Understanding Alzheimer’s Disease & Memory Care Options

An older adult with glasses on sitting on a couch and looking out the window with a serious expression.

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When a loved one has Alzheimer’s, it can help to learn more about the condition and how it affects them. This way, you can support them, help them feel fulfilled, and get them appropriate care to help them thrive.

Alzheimer’s is a complex neurodegenerative condition, and it affects every aspect of a person’s life. When symptoms become severe, and your loved one needs more support than you can give, it’s time to consider a move to memory care.

What Is Alzheimer’s Disease?

Alzheimer’s disease is a progressive disorder that usually begins to develop around the age of 65. It’s the most common form of dementia and accounts for most cases of the condition. Alzheimer’s—and most other forms of dementia—causes brain cells to begin to degenerate and die.

This eventually leads to issues with memory, thinking, decision-making, and behavior. In the earlier stages, adults living with Alzheimer’s may be able to continue living at home, only needing minor help with their day-to-day lives. But as the condition progresses, symptoms usually become much worse. People experiencing any form of cognitive decline or memory impairment often need a more advanced level of care.

There’s currently no known cure for this condition, making it essential to learn how to recognize the signs it’s beginning to develop.

Signs That a Loved One May Have Alzheimer’s

When Alzheimer’s begins to develop, it might be difficult to notice the signs. It typically starts with occasional forgetfulness or a bit of confusion here and there. It can be hard to tell whether your loved one is simply having an age-related moment of forgetfulness or if something more concerning is afoot.

So try to keep an eye out for:

  • Forgetfulness that’s starting to disrupt their daily life, like forgetting important events, dates, or meetings
  • Difficulty with problem-solving
  • Confusion and disorientation
  • Wandering and getting lost
  • An increase in irritability and anxiety
  • Behavioral changes
  • Communication difficulties

If you notice these signs in your loved one, seek medical advice from a healthcare professional.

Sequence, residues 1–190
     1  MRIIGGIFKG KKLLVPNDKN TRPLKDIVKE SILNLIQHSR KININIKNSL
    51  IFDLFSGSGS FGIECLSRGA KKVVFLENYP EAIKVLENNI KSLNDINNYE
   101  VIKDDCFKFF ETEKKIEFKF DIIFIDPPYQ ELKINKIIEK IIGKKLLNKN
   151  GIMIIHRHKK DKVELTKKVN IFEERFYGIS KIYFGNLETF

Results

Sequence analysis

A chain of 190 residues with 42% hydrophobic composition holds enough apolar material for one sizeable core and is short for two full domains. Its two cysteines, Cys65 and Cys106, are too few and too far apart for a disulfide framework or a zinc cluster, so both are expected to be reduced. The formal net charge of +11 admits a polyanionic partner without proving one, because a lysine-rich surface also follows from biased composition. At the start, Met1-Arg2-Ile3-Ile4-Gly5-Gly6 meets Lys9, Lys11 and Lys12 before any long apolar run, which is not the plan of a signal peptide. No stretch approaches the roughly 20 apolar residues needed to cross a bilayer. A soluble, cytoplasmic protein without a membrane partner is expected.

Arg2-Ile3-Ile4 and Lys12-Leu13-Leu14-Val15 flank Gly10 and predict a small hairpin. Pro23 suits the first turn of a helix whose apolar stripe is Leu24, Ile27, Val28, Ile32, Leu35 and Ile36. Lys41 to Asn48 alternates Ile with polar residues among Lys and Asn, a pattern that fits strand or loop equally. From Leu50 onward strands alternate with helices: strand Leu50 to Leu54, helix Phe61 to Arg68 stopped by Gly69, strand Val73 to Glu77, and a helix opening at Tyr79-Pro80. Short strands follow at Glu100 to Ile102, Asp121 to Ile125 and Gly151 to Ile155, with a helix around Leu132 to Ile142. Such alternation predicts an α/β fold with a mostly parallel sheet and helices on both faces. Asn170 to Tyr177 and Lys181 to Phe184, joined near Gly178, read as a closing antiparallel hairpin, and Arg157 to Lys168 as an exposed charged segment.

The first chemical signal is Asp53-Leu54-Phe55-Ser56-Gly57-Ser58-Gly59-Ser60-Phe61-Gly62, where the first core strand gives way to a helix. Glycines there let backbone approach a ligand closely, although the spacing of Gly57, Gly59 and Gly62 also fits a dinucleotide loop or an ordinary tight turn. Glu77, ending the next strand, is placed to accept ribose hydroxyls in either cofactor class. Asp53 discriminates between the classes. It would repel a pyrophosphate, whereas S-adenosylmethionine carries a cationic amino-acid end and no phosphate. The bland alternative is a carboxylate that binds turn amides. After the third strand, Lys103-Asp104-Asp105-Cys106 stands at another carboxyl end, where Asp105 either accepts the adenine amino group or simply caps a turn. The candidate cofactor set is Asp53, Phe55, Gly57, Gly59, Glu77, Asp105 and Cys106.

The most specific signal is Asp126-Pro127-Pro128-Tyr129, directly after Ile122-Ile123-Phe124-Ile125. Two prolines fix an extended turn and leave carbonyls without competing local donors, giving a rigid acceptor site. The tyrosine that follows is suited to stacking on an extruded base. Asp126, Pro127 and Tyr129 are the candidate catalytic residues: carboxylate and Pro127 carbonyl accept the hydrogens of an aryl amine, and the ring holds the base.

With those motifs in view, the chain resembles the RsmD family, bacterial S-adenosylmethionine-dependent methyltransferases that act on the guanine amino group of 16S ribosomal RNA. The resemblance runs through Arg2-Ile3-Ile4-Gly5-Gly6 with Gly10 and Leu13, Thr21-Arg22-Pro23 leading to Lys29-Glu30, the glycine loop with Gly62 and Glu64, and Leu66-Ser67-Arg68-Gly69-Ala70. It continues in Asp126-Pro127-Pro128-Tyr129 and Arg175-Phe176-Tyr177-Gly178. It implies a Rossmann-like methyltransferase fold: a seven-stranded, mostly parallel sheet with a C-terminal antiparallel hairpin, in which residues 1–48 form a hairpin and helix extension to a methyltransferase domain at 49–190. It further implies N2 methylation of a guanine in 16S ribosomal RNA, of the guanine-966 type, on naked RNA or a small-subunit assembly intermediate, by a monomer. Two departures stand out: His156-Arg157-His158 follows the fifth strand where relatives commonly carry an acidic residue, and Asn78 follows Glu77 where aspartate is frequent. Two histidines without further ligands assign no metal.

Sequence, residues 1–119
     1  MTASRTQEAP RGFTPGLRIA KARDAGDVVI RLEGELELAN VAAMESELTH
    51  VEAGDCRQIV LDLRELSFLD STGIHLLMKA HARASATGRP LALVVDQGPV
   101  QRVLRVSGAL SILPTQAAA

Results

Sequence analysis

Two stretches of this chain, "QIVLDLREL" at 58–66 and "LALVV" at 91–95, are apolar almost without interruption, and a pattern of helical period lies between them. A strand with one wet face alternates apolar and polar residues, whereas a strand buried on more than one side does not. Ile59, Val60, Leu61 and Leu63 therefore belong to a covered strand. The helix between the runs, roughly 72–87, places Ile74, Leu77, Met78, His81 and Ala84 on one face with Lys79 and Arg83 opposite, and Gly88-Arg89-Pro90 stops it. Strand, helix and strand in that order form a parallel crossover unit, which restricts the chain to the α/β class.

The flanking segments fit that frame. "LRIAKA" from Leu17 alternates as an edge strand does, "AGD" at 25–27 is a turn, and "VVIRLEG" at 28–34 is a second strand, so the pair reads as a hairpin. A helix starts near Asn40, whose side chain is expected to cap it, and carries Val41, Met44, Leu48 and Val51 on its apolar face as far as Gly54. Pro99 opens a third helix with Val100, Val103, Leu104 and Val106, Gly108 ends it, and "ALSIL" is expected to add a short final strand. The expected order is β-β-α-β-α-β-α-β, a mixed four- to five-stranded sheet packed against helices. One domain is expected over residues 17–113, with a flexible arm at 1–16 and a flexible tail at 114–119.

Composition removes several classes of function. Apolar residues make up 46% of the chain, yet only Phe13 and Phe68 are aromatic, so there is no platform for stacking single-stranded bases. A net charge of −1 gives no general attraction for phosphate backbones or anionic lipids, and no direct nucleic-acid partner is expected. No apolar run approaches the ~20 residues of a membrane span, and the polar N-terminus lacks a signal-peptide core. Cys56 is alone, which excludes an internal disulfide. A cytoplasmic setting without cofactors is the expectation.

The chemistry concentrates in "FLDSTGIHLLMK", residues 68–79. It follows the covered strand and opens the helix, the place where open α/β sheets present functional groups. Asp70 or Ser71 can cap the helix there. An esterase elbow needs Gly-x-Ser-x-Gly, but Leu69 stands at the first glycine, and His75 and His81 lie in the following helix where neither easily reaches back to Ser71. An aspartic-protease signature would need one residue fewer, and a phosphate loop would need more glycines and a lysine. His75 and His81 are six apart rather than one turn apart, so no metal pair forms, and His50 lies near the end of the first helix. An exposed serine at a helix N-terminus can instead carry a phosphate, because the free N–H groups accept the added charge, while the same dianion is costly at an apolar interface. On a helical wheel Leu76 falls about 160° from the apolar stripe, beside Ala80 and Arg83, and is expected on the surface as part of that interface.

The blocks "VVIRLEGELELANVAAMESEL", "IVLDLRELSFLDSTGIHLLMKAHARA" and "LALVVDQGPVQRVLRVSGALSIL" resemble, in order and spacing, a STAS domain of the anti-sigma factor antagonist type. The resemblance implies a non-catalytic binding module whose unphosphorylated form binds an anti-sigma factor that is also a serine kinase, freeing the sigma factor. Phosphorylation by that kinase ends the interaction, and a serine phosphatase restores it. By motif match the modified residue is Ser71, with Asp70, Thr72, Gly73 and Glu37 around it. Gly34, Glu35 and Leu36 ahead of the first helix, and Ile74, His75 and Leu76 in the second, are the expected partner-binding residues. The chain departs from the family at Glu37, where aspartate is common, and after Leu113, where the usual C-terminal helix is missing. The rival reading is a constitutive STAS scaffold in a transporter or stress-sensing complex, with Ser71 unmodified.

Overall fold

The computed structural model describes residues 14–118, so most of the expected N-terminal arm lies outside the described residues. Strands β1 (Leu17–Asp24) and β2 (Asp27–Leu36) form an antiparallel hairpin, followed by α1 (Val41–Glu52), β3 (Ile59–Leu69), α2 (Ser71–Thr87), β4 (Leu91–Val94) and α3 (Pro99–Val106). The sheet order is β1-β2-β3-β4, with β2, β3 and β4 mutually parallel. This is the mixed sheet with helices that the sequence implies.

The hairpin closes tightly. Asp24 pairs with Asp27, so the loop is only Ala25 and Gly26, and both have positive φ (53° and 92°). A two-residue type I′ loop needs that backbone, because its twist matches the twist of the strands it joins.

What Is Memory Care?

When older adults are diagnosed with Alzheimer’s, they’ll likely eventually need a higher level of care than can be arranged at home. That’s when memory care communities become excellent options.

Memory care is a specialized form of care designed specifically to meet the unique needs of people living with Alzheimer’s, dementia, and other forms of memory impairment. It provides your loved one with a safe and supportive environment where they can be surrounded by a team of trained caregivers.

Unlike other forms of senior living, the teams working in memory care communities are trained to handle the unique complications caused by Alzheimer’s. There are plenty of licensed healthcare professionals on-site to help with clinical care and trained therapists to help encourage a supportive environment.

How Does Memory Care Help?

All of the services offered in memory care communities are designed to promote cognitive function, provide a safe home, and bring joy to the lives of every community member.

Memory care provides a structured environment designed to reduce confusion or agitation by using:

  • Clear signage in every hallway
  • Color-coded cues to make it easier to navigate the environment
  • Carefully designed layouts

But these communities don’t just follow a strict set of rules to restrict your loved one’s movements. Their independence and autonomy are still strongly supported. Memory care aims to focus on what your loved one can do, not what they can’t.

Plus, there are plenty of activities, classes, and programs to keep things entertaining and exciting. Whether it’s a music night, an art class, or anything creative, memory care is full of interesting things to do to keep your loved one happy and entertained.

An older adult in a senior living community sitting on a couch, smiling and having a conversation with a caregiver.

Is Memory Care Right for My Loved One?

When thinking about memory care, it’s important to know that this is a deeply personal decision. You’ll need to consider what your loved one needs, what they want, and what kind of support they require to live happy and healthy.

If they’re constantly experiencing symptoms of any type of memory impairment or have been diagnosed with Alzheimer’s or dementia, our memory care community, Juniper Village at Monroeville, may be able to help. So contact our community today! We’d love to show you and your loved one around their future home.

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